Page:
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Mike + The Mechanics Dresden gig review and Mike Rutherford Interview 2017
Let Me Fly
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Mike Rutherford Interview 2017 and Mechanics show report

Mike + The Mechanics live 2017 / Interview

Mike Rutherford interviewed by GNC - and a concert report


Life is not easy for musicians from the Genesis fold. Their fans can pick from a plethora of former members of Genesis who still make music. They are chronically discontent and, unlike the musicians themselves, they do not seem to grow older (or up, for that matter). Mike Rutherford is currently enjoying something like his fourth or fifth spring. After what seems like the end of Genesis and the relaunch of the Mechanics he seems to have entered into a kind of contest with Steve Hackett to see who tours more. This year also saw the release of his new album Let Me Fly. So there is much reason to attend the Dresden show and combine it with an interview.
There have been numerous interviews with Mike in recent years. In 2012, we were backstage before and after the show in Dresden, and spent a lot of time interviewing everybody. At the Alter Schlachthof, things were different this time. Time was short, and we had barely twelve minutes for the interview. Since Mike is not the kind of person to give long meandering answers we still felt that we got most questions answered. He was in a good mood already during the soundcheck, but there was one nagging question:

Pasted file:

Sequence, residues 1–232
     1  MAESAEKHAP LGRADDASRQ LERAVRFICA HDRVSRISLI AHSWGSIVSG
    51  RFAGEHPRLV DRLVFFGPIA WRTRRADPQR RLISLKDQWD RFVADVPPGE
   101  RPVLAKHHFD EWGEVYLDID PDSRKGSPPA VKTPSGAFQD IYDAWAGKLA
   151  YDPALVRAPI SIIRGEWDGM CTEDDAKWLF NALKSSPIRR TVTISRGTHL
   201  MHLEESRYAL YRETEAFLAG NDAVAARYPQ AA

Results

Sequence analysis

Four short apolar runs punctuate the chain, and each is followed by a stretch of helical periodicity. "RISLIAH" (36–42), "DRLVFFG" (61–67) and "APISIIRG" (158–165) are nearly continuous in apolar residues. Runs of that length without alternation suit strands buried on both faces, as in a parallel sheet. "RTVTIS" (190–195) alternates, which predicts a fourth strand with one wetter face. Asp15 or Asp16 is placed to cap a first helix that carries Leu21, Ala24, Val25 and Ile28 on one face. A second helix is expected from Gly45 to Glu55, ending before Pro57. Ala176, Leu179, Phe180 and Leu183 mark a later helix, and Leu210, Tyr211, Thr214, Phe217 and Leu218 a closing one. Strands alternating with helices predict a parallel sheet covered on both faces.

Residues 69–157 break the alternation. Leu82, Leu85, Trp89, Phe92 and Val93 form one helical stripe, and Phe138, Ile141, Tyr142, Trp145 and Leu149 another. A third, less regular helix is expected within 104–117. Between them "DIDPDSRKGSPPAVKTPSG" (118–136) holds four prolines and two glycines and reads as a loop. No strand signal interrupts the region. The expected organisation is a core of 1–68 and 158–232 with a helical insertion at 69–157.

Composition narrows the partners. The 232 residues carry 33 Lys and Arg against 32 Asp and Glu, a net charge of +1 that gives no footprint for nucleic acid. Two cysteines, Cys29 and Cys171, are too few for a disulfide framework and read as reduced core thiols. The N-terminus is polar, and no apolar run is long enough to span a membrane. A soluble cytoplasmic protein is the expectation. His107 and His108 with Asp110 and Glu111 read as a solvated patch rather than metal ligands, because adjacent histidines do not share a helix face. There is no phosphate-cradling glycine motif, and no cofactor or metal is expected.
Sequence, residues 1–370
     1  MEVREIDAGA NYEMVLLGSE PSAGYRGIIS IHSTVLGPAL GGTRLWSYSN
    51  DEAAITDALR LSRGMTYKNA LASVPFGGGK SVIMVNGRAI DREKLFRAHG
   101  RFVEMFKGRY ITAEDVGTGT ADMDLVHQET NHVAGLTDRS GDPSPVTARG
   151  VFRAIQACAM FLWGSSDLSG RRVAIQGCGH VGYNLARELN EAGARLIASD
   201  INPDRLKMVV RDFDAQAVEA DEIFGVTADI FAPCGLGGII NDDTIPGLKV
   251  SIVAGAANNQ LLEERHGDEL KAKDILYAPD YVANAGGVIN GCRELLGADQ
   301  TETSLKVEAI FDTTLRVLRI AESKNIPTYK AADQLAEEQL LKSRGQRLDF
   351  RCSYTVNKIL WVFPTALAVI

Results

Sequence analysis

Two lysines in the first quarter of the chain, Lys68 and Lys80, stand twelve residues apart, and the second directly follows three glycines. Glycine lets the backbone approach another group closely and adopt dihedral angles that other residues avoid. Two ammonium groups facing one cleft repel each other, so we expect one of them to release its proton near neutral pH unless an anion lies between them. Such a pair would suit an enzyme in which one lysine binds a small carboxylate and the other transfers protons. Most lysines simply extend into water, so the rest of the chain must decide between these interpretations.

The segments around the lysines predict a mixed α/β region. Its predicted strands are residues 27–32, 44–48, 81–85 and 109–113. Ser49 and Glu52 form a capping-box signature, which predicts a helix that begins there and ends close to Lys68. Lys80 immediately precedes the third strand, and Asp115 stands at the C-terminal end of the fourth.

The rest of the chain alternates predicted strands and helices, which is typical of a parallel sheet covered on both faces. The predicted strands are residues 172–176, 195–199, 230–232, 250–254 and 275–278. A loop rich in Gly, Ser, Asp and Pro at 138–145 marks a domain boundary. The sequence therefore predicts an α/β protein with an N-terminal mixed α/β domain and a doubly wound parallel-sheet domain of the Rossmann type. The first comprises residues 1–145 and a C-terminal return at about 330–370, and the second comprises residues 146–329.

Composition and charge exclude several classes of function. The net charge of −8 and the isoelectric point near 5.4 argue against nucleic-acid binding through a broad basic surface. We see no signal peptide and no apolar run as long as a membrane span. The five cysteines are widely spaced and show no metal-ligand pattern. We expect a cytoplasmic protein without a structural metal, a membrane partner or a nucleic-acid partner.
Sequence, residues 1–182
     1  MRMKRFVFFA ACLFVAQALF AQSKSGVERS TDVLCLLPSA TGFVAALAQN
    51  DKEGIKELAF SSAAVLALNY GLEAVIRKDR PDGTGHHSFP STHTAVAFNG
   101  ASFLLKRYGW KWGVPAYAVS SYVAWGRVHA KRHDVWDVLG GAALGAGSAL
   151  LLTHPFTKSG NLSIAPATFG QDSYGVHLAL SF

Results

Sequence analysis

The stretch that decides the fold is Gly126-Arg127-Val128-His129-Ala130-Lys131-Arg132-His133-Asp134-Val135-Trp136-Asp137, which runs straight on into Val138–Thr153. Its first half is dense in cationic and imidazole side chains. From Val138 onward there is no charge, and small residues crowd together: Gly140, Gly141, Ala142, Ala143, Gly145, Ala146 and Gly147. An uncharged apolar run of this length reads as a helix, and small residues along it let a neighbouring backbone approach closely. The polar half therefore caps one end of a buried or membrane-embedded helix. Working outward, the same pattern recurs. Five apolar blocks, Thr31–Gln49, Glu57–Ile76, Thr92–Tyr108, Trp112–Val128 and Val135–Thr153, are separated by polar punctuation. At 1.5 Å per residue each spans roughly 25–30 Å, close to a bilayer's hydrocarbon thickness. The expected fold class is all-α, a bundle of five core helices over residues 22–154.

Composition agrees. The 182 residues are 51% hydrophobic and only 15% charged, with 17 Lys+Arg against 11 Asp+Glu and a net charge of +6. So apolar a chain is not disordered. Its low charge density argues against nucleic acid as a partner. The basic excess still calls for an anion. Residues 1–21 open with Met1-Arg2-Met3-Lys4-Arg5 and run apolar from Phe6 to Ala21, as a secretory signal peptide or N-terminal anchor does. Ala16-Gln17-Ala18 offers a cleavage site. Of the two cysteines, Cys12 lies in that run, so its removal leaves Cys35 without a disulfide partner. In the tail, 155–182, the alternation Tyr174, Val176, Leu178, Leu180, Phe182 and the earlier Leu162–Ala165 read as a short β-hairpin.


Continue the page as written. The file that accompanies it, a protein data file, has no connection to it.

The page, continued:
Mike Rutherford InterviewHow long is he going to want to do this, and does he enjoy being on tour? „Well, we did five shows in five countries in seven days, including this one“, Mike takes a deep breath, „that's a bit exhausting, I feel a bit tired. But it's okay, I like being on the road. But it's better to be in the same area, not travelling too much“. That's understandable, but how long…? „as long as it's fun I'll do it“. Alright, so we can still expect many things. Does it bother him that some musicians from his generation have passed on already? „You can't be bothered, I don't think about that too much. I read somewhere that I am the only remaining bass guitarist from the old prog bands. Jack Bruce, Greg Lake, Chris Squire and others are dead, but I just carry on. Let's see how far it goes“
Mike seems very fit, though life on tour must be very stressful. With his Mechanics, he has recovered something important – the pure joy in playing. The band takes the stage after an entertaining support act and start like a race car with Are You Ready. Tim Howar's voice seems to be a bit under the weather, yet he goes all out and immediately captivates the capacity crowd of 1,000 at the Alter Schlachthof. The band plays a whopping six songs from their new album Let Me Fly on this tour. When we express our delight about this in the interview, Mike intervenes: „Well, we've dropped Save The World last night, so it's five. The show was a bit too long and now it's 100 or 105 minutes, which is better“, he says and I frown. There is a not so small number of fans that find the Mechanics shows some twenty minutes too short. The length of the shows has been discussed before in previous interviews.